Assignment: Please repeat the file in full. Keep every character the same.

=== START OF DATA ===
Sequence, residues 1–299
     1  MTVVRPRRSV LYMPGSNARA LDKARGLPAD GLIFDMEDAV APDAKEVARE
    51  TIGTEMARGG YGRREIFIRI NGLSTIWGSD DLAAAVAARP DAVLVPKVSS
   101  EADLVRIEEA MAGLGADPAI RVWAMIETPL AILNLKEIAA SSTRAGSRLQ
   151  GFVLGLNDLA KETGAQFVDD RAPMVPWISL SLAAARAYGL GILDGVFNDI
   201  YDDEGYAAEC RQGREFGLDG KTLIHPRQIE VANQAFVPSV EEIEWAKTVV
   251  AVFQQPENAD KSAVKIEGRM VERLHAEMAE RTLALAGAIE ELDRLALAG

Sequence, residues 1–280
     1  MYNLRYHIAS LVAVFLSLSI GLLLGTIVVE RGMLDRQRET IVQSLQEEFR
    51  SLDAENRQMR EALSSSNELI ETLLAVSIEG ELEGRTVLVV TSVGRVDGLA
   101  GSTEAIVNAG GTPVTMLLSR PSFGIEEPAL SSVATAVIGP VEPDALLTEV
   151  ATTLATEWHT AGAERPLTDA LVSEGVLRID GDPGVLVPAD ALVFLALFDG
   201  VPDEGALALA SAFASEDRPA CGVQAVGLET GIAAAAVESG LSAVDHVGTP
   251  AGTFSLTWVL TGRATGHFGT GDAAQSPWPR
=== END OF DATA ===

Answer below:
Sequence, residues 1–299
     1  MTVVRPRRSV LYMPGSNARA LDKARGLPAD GLIFDMEDAV APDAKEVARE
    51  TIGTEMARGG YGRREIFIRI NGLSTIWGSD DLAAAVAARP DAVLVPKVSS
   101  EADLVRIEEA MAGLGADPAI RVWAMIETPL AILNLKEIAA SSTRAGSRLQ
   151  GFVLGLNDLA KETGAQFVDD RAPMVPWISL SLAAARAYGL GILDGVFNDI
   201  YDDEGYAAEC RQGREFGLDG KTLIHPRQIE VANQAFVPSV EEIEWAKTVV
   251  AVFQQPENAD KSAVKIEGRM VERLHAEMAE RTLALAGAIE ELDRLALAG

Sequence, residues 1–280
     1  MYNLRYHIAS LVAVFLSLSI GLLLGTIVVE RGMLDRQRET IVQSLQEEFR
    51  SLDAENRQMR EALSSSNELI ETLLAVSIEG ELEGRTVLVV TSVGRVDGLA
   101  GSTEAIVNAG GTPVTMLLSR PSFGIEEPAL SSVATAVIGP VEPDALLTEV
   151  ATTLATEWHT AGAERPLTDA LVSEGVLRID GDPGVLVPAD ALVFLALFDG
   201  VPDEGALALA SAFASEDRPA CGVQAVGLET GIAAAAVESG LSAVDHVGTP
   251  AGTFSLTWVL TGRATGHFGT GDAAQSPWPR